The problem with this painting starts with the fact that it is, as you may have guessed already, a magnificent painting. It is great art. It will, unfortunately, never be Great Art. And…
This article, in so many ways, paraphrases my entire art school experience. It also reminds me of the best decision I made in college, which was to take 9 months off. During that time, I saw a painting demo by Brian Stelfreeze and worked up a pitch for Image comics. It didn’t get picked up, but damn was it ever the right thing to do for my piece of mind.
#mary shelley #this quote though #it’s all kinds of wonderful #hey remember that time one asswipe was like you have 30 seconds to name something invented by a woman… #…and Mary was like SCIENCE FICTION MOTHERFUCKERS #that was awesome #thanks Mary Shelley (via snappily)
And the next time someone starts claiming that teenage girls have ruined the horror genre with romance or whatever you can be like, hey dicksmack, teenage girls and romance built your genre so sit the fuck down.
Mary Shelley fucking invented your favourite genre motherfuckers. You owe her Kirk and Vader and every goddamned thing Joss has ever done that’s made you cream your pants. Created when she was a teenager cause, hey, that’s how she rolled. She took love and showed it as the powerful, terrifying, all-encompassing, ruthless, wrathful thing it is.
There is nothing like an actual monstrous act to demonstrate the silliness of our tendency to reduce one another to caricature. Shortly after the shooting, the website of the late Andrew Breitbart published speculation, quickly hyped by conservative internet maven Matt Drudge, that the suspect in the the shooting was a registered Democrat. With no apparent sense of irony, the website later published an “exclusive” press release from a Tea Party group criticizing ABC News’ Brian Ross, who made the outrageous decision to speculate publicly that the suspect might have been involved with a local Tea Party organization. I don’t know Ross’ political views, so I can only describe his actions as inexcusably reckless. (ABC later apologized.)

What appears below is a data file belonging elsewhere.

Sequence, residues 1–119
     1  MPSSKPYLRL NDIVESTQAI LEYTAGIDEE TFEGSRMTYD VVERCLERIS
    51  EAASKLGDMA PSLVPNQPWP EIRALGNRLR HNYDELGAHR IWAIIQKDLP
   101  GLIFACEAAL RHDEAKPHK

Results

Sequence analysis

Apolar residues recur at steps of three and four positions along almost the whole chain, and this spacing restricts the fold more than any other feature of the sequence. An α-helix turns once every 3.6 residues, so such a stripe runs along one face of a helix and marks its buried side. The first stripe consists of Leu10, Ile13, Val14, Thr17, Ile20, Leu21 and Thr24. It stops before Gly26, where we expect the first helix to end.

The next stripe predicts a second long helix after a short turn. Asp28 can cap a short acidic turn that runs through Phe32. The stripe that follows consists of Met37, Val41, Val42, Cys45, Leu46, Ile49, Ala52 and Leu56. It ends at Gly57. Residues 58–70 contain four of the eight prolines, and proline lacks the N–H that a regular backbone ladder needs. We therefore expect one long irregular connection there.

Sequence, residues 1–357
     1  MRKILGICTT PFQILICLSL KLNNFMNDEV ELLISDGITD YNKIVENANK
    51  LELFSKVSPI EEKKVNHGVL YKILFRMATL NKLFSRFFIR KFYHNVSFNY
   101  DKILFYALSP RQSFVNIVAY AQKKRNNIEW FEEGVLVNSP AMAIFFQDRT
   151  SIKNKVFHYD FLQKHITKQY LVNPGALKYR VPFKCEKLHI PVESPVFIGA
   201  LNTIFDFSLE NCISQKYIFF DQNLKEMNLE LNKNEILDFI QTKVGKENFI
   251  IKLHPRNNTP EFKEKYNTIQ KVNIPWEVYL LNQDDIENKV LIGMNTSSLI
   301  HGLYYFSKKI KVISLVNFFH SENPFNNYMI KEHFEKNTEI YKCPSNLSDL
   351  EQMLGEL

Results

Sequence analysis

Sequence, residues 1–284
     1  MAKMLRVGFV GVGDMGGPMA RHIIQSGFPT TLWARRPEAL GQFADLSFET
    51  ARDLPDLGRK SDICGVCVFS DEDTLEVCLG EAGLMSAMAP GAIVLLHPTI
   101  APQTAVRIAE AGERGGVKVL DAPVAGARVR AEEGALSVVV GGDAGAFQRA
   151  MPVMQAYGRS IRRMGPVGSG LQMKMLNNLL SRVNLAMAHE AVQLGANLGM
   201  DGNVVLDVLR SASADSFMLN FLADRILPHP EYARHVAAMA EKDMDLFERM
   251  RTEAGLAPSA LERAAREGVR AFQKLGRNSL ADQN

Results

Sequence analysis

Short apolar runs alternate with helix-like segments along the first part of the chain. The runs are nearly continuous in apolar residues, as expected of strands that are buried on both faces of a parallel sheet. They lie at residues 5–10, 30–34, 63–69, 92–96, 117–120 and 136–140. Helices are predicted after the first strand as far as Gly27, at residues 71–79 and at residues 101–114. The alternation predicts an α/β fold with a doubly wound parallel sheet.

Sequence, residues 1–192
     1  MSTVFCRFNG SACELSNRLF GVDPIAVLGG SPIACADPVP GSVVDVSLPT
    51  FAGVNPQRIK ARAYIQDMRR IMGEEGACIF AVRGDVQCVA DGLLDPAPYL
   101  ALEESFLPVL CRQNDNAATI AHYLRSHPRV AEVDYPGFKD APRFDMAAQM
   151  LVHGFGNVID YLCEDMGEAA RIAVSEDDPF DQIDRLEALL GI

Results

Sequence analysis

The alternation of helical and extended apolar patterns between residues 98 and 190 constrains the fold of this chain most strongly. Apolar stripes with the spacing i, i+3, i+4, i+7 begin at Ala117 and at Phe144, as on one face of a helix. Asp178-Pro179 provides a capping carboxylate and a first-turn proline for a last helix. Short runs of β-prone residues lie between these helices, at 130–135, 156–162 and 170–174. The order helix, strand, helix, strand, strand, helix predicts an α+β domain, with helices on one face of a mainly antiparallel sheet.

To look at the the frightened eyes of the survivors in Aurora, and see only our own intrinsic goodness, and our political enemies’ implacable evil, is the most impenetrable vanity. It’s not politics, it’s just tribalism. And it’s grotesque. But we shouldn’t mistake this kind of pettiness for politics itself, which is far too important an arena to cede to those who are incapable of seeing a tragedy and wondering, above all, what it says about themselves. We should be talking about why this happened, and what, if anything, can be done to prevent it from happening again.
National tragedies are political. They’re too important not to be.